I miss the old K-W Drive-In, which was on the outskirts of (now completely within) the city of Kitchener when I was growing up. My family used to go about once a summer, and when I was old enough to drive, my best friend and I were out there about every second weekend. I saw a lot of movies there. Off the top of my head, I remember Star Wars, Smokey and the Bandit, Orca, The Nude Bomb, Police Academy, Star Trek V, Terminator 2, and many more I could come up with if I took the time to think about it.

The K-W closed down in the early 90s, and became a residential subdivision. Always wanted to drive in there some night with a bunch of snacks, park on the street in just the right spot, put a portable video player on the hood and watch a movie, while the residents just stared in disbelief. Never got around to doing it, and I doubt I'd have had the nerve anyway.

In the late 90s, we went down the highway quite a ways to another place that was in a bit better condition, the Mustang. It had an FM transmitter for sound, and was located far enough from town that the land wasn't going to suddenly become valuable to developers. It was a pretty busy place, especially when they had the all-nighters every long weekend, but I haven't been there in years. Wonder if it's still in business.

I love everything about the drive-in. Watching a movie under the stars on a warm summer night, sitting in your own car or on lawnchairs, getting at least a double feature, along with the old snack bar promos and such. The snack bar too. A little illuminated oasis in the middle of everything, all cafeteria-style, with burgers, dogs, fries and onion rings along with the usual popcorn and drinks.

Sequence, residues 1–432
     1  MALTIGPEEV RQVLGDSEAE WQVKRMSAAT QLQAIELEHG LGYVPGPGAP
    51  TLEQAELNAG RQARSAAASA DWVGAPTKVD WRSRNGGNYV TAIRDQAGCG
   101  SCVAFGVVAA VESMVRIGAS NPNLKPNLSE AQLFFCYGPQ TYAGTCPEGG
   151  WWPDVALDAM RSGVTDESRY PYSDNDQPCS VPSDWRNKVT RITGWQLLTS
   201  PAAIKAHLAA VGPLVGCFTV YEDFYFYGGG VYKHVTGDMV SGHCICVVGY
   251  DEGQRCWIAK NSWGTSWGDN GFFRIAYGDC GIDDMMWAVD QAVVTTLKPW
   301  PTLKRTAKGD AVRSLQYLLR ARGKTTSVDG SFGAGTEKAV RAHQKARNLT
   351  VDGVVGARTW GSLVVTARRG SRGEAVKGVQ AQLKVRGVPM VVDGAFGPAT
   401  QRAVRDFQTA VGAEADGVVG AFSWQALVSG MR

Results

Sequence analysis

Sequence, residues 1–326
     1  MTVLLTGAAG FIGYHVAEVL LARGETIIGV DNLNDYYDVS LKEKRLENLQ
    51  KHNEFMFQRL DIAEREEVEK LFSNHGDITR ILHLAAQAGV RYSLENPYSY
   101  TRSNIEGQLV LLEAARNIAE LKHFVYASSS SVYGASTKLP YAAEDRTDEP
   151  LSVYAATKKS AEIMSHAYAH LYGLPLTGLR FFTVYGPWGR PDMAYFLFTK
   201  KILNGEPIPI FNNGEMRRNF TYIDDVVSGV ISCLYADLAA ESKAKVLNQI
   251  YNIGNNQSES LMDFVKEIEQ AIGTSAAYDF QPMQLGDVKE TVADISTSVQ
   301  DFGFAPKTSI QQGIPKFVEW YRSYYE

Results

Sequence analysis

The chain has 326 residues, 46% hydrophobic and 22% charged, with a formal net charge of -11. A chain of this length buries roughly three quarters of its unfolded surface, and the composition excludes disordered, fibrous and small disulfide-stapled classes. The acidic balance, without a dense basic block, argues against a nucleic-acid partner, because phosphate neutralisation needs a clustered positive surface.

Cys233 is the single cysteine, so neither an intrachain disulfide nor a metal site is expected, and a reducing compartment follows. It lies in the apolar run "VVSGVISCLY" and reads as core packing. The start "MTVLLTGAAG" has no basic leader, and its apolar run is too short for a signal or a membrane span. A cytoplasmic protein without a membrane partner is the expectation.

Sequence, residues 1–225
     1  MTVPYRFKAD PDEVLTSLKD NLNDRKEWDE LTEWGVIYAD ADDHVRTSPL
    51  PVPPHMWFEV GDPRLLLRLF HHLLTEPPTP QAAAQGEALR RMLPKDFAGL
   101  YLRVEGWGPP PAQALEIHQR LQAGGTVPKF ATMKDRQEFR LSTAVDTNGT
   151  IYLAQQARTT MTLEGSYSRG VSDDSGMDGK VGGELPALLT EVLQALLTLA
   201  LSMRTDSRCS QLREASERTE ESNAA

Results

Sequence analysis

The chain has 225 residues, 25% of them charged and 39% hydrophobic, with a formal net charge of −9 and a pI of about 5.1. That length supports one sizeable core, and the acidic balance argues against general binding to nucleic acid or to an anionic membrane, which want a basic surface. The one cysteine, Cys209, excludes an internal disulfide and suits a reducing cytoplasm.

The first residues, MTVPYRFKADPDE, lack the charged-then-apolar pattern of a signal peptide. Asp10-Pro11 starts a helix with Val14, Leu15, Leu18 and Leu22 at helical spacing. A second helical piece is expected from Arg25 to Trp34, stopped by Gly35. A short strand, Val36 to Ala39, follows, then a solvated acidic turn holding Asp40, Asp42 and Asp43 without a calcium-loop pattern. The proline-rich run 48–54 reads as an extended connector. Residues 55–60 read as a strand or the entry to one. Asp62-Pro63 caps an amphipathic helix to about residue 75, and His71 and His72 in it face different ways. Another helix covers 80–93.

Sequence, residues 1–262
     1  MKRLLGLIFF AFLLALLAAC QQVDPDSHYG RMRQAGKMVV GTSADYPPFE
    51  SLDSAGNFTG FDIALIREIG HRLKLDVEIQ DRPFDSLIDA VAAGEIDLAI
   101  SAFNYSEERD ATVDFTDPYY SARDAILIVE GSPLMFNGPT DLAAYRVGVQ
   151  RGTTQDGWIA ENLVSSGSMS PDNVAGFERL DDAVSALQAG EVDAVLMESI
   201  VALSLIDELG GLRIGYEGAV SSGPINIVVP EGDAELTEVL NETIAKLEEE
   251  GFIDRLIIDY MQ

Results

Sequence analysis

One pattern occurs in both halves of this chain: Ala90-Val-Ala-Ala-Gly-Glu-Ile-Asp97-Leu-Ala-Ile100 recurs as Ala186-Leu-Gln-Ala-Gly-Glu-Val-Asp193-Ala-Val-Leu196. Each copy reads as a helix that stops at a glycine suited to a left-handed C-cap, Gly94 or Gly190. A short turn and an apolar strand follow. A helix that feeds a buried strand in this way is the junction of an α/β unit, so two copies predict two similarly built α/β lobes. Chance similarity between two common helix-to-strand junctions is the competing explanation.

And it's a real evening's entertainment. Before dark, you can put the tunes on, throw the frisbee around, take the kids to the playground if you have them, then just settle in and get comfortable. Then it's outdoor entertainment from dusk until after midnight. Sweet.

From here, the nearest drive-in is a couple hours away. It's a big place with four screens, next to the main highway. We keep saying we're going to go, but it would be a special trip, most likely with dinner and a hotel, and summer always slips by before we make up our minds to do it.
« Last Edit: August 25, 2012, 02:57:39 PM by AndyC » Logged

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« Reply #9 on: August 25, 2012, 10:22:59 PM »

I'm not sure I like digital v 35 mm. oh well

35mm just seems to have more character to it. The grain and the scratches etc all add to the movie.

I have 2 or 3 drive ins near me, and they all seem to get good business whenever I go, but I'd wish they'd be able to show better movies.

We also need to remember that a lot of the b-movies we love would have never existed if not for the drive in.
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Trevor
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« Reply #10 on: August 27, 2012, 04:08:14 AM »

The last drive-in in South Africa closed down a few months ago.  Bluesad